10 Most Profitable U.S. Corporations Paid Average Tax Rate Of Just 9 Percent Last Year: Report
This Oct. 26, 2006, file photo shows an Exxon logo at a gas station in Dallas. Exxon Mobil paid just 2 percent of its earnings as taxes to the federal government last year, according to the site NerdWallet.
While some of America's biggest corporations may complain that they pay too much in taxes, a recent analysis shows that many are actually getting off pretty easy.
According to the financial site NerdWallet, the 10 most profitable U.S. companies paid an average federal tax rate of just 9 percent last year. The group includes heavyweights Exxon Mobil, Apple, Microsoft, JPMorgan Chase and General Electric. (Hat tip: Barry Ritholtz.)
Some of these companies paid more than 9 percent -- JPMorgan earned $26.7 billion in 2011, for example, and paid $3.7 billion of it, or 14 percent, to the federal government -- and some paid less, like Exxon Mobil, which only sent 2 percent of its $73.3 billion earnings to the IRS.
But the 10 companies all paid much less than the nominal corporate tax rate of 35 percent -- a number that investor and tax-the-rich advocate Warren Buffett has dismissed as 'a myth,' but one that presidential front-runners Barack Obama and Mitt Romney have both proposed to lower.
The effective corporate tax rate has been on its way down for decades, recently hitting a 40-year low even as corporate profits have reached an all-time high. Many of the companies that have seen their tax rates fall in recent years -- including Exxon Mobil, Verizon, General Electric and AT&T -- are among the biggest spenders when it comes to lobbying, according to a recent analysis by the Sunlight Foundation.
Low Taxes and the Ten Most Profitable Companies ... The flag of corporate America!
General Electric ... great company that does not pay its fair share in US taxes
IBM ... great company that does not pay its fair share in US taxes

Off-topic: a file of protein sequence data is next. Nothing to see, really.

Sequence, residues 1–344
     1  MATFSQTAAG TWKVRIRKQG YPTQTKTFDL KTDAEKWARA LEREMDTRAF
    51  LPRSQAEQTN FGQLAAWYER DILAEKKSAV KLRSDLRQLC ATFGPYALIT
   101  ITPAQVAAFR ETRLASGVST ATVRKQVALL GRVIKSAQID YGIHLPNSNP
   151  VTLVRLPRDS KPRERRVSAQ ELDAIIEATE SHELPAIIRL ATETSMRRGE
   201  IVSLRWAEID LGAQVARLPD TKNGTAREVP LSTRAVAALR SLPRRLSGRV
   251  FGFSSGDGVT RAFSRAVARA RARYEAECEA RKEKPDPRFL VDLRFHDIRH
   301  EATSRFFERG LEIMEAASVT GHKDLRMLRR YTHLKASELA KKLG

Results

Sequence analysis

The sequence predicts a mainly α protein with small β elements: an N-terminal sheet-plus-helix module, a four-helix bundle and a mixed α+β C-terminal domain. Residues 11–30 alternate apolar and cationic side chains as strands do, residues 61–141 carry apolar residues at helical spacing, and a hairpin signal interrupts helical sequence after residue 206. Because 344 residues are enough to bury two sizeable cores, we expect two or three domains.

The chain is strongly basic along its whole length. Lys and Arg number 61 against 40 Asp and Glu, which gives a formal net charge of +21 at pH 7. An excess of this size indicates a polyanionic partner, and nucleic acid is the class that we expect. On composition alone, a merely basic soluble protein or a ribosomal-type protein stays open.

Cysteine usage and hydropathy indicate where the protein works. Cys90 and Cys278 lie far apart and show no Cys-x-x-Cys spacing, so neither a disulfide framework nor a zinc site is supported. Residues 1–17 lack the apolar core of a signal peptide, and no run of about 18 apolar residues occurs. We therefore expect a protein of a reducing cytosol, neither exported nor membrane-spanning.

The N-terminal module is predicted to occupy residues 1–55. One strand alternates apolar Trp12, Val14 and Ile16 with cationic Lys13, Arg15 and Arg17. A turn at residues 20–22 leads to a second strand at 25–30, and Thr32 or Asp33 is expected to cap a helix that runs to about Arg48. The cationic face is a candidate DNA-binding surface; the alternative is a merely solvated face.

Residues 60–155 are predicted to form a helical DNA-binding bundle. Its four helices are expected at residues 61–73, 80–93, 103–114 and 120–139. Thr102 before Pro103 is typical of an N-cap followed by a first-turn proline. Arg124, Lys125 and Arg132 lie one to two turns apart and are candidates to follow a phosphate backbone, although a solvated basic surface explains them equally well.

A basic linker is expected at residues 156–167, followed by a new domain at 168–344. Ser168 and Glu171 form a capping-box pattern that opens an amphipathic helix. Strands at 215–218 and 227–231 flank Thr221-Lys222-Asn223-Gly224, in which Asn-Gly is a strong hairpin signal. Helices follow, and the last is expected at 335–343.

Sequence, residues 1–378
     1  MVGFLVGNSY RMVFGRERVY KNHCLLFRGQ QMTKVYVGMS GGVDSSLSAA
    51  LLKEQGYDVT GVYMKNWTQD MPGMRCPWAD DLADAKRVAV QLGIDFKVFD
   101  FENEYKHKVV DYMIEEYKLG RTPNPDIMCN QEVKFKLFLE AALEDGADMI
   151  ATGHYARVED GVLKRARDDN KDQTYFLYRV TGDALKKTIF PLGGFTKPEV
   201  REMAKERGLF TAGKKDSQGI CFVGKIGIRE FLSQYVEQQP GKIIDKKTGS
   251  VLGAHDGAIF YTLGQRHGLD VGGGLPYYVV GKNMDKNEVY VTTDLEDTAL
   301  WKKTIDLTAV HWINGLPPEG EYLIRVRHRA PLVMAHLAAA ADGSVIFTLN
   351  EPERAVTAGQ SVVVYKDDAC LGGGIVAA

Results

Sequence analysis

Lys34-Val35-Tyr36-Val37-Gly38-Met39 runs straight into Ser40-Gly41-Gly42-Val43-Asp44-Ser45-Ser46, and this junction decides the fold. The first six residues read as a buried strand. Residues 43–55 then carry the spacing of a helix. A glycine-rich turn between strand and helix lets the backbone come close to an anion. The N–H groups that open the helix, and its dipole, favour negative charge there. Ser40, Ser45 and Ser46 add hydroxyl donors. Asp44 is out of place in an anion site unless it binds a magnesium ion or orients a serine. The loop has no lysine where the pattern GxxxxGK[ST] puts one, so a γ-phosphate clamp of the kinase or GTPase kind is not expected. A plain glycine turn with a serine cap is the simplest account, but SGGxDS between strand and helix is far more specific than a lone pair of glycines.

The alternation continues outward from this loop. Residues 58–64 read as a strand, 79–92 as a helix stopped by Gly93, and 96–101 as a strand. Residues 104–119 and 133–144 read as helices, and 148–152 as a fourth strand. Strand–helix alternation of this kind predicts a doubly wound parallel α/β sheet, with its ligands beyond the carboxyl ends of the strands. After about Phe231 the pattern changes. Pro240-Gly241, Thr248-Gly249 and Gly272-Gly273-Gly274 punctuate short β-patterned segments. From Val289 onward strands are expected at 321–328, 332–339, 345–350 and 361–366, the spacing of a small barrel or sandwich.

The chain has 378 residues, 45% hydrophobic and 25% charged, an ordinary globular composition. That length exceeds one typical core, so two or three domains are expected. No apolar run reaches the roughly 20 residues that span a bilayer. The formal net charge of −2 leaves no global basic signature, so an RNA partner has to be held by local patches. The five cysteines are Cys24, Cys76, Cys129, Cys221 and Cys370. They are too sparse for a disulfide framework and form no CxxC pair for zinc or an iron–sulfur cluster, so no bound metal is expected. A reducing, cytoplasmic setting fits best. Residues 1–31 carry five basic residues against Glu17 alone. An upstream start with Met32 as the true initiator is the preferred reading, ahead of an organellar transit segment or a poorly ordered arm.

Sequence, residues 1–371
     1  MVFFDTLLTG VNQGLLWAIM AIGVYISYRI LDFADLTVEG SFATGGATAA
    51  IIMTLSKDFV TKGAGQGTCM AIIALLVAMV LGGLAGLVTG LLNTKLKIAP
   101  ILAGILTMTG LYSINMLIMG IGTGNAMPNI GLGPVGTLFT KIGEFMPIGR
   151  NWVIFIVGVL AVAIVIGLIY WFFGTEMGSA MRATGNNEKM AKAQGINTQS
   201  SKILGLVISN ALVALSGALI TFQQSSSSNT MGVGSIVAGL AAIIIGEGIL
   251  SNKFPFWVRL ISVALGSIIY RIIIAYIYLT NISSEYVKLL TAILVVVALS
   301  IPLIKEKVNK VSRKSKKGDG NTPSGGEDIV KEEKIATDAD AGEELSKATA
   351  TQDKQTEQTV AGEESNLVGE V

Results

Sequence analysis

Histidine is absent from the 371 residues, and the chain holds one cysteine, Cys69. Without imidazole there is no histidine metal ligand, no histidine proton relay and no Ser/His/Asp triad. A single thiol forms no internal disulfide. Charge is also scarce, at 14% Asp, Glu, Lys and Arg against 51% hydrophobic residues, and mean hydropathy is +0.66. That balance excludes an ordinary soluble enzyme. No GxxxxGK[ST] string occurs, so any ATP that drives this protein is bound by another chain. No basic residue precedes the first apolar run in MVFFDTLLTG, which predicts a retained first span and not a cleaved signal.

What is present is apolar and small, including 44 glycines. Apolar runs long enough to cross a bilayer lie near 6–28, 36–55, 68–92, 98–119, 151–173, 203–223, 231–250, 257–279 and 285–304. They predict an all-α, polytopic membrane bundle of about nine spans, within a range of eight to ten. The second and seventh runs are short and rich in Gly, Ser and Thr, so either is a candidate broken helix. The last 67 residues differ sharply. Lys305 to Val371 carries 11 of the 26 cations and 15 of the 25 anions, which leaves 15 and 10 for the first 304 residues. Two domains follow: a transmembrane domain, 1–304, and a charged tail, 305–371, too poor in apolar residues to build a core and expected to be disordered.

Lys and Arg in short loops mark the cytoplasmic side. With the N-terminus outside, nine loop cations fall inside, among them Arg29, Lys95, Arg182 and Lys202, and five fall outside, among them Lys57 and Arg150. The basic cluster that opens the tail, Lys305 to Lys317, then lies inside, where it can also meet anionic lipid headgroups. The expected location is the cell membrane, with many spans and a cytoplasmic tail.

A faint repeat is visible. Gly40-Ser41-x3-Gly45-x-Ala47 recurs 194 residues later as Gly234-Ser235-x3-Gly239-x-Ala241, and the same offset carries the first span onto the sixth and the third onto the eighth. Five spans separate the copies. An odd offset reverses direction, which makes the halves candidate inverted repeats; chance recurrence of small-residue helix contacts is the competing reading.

Conoco ... energy company that should be paying a fair share in US taxes
Wells Fargo ... a big bank that exploited the housing fiasco to its advantage and for the benefit of its executives and investors
One of the biggest banks in the US has agreed to pay a $175m to settle allegations it charged higher mortgage rates and fees to black and Latino customers in violation of fair-lending laws. ( Open file 2960
Walmart ... a superbly efficient organization, but one that leaves a lot to be desired in terms of corporate social responsibility
JPMorgan Chase ... a 'too big to exist' bank that extracts wealth from society in favor of its executives and investors no matter what the rules, regulations and laws allow
Microsoft ... in my view, a company that has used technology more to benefit investors than all the other stakeholders, and accordingly a huge missed opportunity for a better planet
Apple ... in my view, infamous for exporting its manufacturing muscle out of the United States in order to do nothing but make even more profit for its executives and investors.
Chevron ... energy company that has very bad track record of environmental pollution that it does not pay for
Exxon/Mobil ... energy company that is well known for Exxon Valdiz environmental disaster ... less well known for other bad practices